Lima: Liberating ARM's Mali GPU

von Luc Verhaegen (Codethink.co.uk/X.org)

Saturday, 26.05.2012, Europa II, 10:00-10:45 Uhr

While everything is pretty much said and done on the x86 graphics front, and all the players have taken their respective positions and stick by it (despite ones best efforts), nothing has been done for the ARM world, even with the massive market penetration the linux and ARM combination currently has.

The Mali is ARM's own GPU that is rapidly gaining traction. The most popular high end android smartphone so far is Samsung's Galaxy S2. The Mali-400 present in the Exynos SoC of the Galaxy S2 has been leader of the benchmarks for quite a bit. Besides the exynos, Mali is present in a rapidly growing number of SoCs, including telechips, allwinner, amlogic, realtek, VIA, etc. The OpenGLES2.0 capable (and thus with separate vertex and fragment shaders) Mali is a highly clean design, and, of all the possible ARM GPUs, the perfect candidate for a free software driver.

This talk will explain the rationale behind this project, the methodology used, the current status and the future direction. At the end, the current functionality (which is rapidly growing) will be demoed on both Mali-200 and Mali-400 based hardware.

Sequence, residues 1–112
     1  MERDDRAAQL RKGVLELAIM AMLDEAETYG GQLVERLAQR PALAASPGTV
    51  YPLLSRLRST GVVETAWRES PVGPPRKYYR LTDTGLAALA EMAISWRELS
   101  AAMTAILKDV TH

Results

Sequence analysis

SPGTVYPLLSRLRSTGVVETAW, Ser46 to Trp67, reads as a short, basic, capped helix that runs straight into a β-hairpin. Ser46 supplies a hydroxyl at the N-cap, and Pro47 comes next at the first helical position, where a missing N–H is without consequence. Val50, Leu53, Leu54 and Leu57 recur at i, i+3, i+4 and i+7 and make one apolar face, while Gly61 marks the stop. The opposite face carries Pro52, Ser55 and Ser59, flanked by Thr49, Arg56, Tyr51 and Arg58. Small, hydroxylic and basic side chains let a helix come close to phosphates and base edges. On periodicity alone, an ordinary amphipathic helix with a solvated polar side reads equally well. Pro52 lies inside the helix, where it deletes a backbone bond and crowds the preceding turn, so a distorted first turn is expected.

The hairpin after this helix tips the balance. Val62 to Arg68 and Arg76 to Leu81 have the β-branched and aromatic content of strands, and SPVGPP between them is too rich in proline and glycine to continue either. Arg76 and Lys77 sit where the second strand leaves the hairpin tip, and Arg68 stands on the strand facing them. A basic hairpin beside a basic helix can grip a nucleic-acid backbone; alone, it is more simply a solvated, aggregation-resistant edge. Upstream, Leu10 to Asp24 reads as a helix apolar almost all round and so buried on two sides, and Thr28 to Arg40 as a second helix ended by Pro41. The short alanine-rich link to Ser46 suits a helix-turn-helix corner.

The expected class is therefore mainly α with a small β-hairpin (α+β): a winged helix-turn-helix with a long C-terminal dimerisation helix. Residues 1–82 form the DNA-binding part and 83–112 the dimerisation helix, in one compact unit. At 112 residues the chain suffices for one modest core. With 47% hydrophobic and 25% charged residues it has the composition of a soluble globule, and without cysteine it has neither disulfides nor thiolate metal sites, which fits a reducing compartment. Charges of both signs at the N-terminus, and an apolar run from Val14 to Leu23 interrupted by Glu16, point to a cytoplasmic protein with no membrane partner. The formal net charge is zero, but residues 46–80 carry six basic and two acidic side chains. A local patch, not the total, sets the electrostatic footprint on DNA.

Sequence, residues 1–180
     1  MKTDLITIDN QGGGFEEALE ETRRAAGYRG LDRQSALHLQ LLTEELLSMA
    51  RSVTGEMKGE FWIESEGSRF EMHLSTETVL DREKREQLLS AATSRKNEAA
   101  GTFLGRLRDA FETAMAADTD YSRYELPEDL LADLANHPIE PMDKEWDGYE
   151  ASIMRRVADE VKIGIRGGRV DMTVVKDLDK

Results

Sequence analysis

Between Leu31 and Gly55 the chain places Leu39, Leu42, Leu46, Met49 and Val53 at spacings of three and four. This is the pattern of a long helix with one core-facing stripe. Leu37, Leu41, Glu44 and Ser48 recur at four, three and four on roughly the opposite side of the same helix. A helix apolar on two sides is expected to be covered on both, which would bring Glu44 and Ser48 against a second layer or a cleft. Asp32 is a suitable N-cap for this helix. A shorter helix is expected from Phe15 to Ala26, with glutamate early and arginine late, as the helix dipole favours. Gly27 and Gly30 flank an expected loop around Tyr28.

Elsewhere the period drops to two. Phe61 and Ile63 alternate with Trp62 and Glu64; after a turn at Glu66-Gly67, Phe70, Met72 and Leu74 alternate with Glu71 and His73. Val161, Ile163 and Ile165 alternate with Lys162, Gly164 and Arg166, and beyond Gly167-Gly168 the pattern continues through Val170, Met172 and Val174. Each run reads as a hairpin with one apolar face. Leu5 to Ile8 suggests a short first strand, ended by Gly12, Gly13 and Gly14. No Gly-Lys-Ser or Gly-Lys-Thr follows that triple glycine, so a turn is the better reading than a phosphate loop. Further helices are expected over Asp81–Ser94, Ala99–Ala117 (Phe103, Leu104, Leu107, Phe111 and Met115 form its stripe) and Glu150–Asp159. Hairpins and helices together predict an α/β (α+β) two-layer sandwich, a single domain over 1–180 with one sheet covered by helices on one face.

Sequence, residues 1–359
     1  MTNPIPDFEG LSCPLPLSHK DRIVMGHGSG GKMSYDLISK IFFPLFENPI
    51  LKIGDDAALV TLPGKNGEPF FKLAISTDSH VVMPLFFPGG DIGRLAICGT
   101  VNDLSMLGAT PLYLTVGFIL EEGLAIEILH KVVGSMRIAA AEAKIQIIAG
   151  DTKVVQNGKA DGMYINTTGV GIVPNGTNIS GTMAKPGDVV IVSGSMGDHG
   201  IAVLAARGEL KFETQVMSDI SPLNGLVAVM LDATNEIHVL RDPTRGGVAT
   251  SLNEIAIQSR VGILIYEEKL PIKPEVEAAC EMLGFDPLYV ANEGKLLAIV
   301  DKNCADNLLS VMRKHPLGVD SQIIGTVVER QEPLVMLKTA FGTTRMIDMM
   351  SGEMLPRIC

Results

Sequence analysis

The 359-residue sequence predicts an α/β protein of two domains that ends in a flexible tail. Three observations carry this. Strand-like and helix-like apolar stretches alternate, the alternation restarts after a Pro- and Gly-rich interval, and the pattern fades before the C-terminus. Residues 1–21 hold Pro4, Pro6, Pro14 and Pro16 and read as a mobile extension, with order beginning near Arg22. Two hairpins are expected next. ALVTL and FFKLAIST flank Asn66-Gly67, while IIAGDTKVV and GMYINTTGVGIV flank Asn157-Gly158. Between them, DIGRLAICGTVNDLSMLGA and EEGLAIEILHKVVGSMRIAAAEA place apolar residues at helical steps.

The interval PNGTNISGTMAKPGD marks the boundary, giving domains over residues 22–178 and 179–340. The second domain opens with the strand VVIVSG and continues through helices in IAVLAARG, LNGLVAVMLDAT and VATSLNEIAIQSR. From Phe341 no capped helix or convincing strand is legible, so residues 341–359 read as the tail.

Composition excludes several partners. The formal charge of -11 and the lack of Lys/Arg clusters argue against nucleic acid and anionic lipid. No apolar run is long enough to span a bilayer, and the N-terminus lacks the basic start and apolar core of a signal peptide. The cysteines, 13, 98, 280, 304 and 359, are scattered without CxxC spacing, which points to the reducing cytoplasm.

Über den Autor Luc Verhaegen:

Luc has been writing graphics drivers since 2003 and has a track-record of doing things that are deemed impossible. He paved the way for algorithmic, bios-free modesetting with his work on VIAs Unichrome, which, apart from having spawned modern modesetting paradigms, also made the first commercial motherboard with full coreboot support possible. At SuSE, together with Egbert Eich and Matthias Hopf, he proved to AMD that a free and maintainable driver could be created for Radeon hardware, despite ATIs best attempts. Later on, he demonstrated the feasibility and flexibility of integrated graphics driver stacks and, as a follow-up, building DRI drivers externally to the still very monolithic Mesa, and even a rudimentary Mesa SDK. He is now happily hacking for Codethink, where doing impossible things is pretty much the hiring prerequisite.